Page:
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On Cue: Getting the 8-ball rolling on NZ made pool tables

Christchurch-based pool, snooker, and darts business On Cue produce all their pool and snooker tables from scratch here in New Zealand, using mostly NZ made resources--unlike most tables in today's market. Alongside this, On Cue offers a lifetime guarantee on all workmanship, with custom made options readily available for everyone.

Since leaving school early and following his passion for woodworking, founder and Managing Director Darryl Chambers has provided a range of NZ made pool and snooker tables to people across the country, with his love of the job remaining strong.

“I really enjoy the hands-on work in the factory—manufacturing the tables, helping the guys out, installing the tables. That’s my passion. That’s what I enjoy doing.”

Moving on up

On Cue was founded by Chambers in 2005, with the founder having built up experience in the field while working for the pool and snooker table business Drake Leisure Company. After the devastating Christchurch earthquakes, the Drake Leisure Company shut down and was bought out by Chambers. Things have “gone from there.”

On Cue's average turnaround time has increased recently due to a large demand spike after the COVID-19 lockdowns. Despite this, the business currently makes and installs around 88 pool tables every year.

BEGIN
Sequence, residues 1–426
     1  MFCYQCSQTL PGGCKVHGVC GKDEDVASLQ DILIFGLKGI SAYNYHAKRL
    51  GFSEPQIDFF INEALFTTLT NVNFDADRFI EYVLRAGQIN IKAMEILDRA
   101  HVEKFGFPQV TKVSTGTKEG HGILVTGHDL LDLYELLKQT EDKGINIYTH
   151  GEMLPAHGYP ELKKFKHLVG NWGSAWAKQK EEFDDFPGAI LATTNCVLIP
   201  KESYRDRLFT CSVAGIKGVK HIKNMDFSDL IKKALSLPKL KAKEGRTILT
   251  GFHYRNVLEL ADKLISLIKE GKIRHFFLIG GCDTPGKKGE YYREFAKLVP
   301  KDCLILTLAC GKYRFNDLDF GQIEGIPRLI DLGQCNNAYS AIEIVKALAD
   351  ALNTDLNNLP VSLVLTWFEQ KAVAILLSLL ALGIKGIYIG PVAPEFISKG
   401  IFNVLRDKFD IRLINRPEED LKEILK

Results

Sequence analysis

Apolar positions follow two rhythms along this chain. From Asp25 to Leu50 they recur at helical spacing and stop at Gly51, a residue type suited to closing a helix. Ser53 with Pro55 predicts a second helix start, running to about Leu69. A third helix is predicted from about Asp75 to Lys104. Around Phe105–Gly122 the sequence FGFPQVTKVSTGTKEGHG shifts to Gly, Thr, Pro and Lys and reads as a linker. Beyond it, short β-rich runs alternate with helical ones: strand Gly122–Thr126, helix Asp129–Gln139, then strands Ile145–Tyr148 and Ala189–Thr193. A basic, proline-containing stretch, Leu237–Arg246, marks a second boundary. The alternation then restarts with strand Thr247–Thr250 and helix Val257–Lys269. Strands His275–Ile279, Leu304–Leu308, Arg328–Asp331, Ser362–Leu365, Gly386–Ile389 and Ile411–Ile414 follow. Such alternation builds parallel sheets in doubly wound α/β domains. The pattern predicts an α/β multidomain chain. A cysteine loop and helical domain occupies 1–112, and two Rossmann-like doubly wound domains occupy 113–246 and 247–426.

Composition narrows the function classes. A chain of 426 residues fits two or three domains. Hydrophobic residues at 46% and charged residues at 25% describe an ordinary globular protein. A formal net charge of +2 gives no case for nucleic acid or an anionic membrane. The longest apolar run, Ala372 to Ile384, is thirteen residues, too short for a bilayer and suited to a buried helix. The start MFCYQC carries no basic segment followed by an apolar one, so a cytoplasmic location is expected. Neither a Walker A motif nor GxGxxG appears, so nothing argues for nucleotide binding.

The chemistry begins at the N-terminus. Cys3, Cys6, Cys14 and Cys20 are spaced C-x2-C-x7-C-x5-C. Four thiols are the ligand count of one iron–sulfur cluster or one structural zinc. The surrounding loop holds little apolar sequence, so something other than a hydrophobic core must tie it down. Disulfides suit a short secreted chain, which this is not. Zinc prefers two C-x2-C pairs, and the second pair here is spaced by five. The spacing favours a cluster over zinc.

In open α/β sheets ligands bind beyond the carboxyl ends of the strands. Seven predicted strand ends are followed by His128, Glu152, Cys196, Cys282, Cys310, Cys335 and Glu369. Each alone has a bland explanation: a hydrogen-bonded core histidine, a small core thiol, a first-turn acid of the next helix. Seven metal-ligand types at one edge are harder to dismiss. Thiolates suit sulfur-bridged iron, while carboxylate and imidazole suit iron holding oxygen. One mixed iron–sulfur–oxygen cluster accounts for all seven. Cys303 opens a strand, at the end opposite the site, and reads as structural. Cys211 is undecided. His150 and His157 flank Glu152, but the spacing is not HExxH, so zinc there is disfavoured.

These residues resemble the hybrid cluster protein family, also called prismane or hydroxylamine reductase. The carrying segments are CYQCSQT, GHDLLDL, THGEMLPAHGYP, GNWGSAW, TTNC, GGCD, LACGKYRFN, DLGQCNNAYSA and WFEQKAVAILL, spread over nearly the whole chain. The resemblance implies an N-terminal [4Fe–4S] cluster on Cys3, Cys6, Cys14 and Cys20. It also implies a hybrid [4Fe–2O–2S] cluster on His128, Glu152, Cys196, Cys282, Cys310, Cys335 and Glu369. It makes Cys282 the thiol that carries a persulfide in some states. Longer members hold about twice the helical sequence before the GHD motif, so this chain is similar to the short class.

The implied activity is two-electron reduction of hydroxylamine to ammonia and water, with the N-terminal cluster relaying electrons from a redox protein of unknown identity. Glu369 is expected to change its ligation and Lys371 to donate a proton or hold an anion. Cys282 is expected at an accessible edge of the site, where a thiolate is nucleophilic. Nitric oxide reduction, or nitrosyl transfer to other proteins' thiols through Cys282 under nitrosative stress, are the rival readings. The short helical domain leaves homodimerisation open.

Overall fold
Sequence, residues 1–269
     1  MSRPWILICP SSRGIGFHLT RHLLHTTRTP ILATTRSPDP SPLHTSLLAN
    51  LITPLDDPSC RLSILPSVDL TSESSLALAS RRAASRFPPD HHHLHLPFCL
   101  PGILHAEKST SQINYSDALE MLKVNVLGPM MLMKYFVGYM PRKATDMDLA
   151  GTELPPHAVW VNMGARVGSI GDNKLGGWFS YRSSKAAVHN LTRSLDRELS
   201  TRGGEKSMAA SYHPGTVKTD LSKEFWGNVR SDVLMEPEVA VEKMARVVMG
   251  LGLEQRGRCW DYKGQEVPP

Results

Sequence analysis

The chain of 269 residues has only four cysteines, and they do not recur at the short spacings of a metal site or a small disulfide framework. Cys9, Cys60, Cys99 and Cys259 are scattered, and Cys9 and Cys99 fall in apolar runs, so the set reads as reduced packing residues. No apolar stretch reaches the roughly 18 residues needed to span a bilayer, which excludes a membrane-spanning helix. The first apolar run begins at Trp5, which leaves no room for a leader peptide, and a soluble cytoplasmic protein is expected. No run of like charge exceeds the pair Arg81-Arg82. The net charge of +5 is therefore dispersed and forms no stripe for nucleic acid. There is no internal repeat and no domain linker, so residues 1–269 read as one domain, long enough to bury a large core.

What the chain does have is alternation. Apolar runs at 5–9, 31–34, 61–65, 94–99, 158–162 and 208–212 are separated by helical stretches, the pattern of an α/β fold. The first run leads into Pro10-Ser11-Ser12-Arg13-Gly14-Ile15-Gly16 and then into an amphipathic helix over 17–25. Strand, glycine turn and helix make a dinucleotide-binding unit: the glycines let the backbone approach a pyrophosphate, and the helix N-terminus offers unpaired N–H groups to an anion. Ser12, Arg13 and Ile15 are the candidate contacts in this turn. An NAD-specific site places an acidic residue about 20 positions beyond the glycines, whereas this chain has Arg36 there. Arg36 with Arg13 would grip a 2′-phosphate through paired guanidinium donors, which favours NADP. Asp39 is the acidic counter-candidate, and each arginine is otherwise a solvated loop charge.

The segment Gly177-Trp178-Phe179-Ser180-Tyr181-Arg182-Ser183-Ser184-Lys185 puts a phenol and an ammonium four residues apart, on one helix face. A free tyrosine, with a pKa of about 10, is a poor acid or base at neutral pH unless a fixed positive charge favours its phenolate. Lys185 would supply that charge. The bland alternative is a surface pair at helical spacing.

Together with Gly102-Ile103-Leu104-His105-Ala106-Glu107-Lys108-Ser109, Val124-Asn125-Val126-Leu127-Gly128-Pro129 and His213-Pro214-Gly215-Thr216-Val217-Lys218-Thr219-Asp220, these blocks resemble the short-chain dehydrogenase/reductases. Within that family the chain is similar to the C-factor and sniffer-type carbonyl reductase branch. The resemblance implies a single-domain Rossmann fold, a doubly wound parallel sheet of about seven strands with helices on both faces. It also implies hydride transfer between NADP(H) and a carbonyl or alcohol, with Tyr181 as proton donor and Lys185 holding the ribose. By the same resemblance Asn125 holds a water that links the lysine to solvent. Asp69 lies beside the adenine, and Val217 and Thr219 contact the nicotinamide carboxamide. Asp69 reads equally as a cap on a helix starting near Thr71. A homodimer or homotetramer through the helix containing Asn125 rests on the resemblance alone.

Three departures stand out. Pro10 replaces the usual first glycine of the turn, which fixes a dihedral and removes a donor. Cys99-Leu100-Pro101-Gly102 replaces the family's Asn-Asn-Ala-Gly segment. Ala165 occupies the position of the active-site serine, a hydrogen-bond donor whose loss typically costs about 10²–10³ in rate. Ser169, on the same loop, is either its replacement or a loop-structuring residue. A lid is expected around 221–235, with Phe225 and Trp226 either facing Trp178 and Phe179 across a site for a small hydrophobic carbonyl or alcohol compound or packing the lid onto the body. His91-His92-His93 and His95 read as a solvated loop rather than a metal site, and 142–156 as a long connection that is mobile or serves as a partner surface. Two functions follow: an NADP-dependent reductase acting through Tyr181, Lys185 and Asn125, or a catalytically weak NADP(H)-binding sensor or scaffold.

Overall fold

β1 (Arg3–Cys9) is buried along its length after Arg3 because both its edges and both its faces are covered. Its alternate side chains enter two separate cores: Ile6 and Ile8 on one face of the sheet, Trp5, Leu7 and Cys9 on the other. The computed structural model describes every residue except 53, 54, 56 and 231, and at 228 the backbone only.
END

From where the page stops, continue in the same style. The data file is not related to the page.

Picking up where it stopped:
Chambers and his team have installed their pool tables in all kinds of settings, ranging from pubs and garages to multi-million-dollar mansions, and although a couple of tables have been exported, Chambers emphasizes that On Cue is focused pretty much entirely on New Zealand.

NZ made advantages

By being NZ made, all Chambers's pool tables are able to be reclothed, an option that imported pool tables don’t really have. The local manufacturing also allows for bespoke alternatives for each customer, allowing each table to better suit people's wants.

Ultimately, Chambers owns the only operating business in the South Island that produces pool and snooker tables, and he wouldn’t have it any other way.

“I don’t think I could actually import tables and sell them. It just wouldn’t be me”.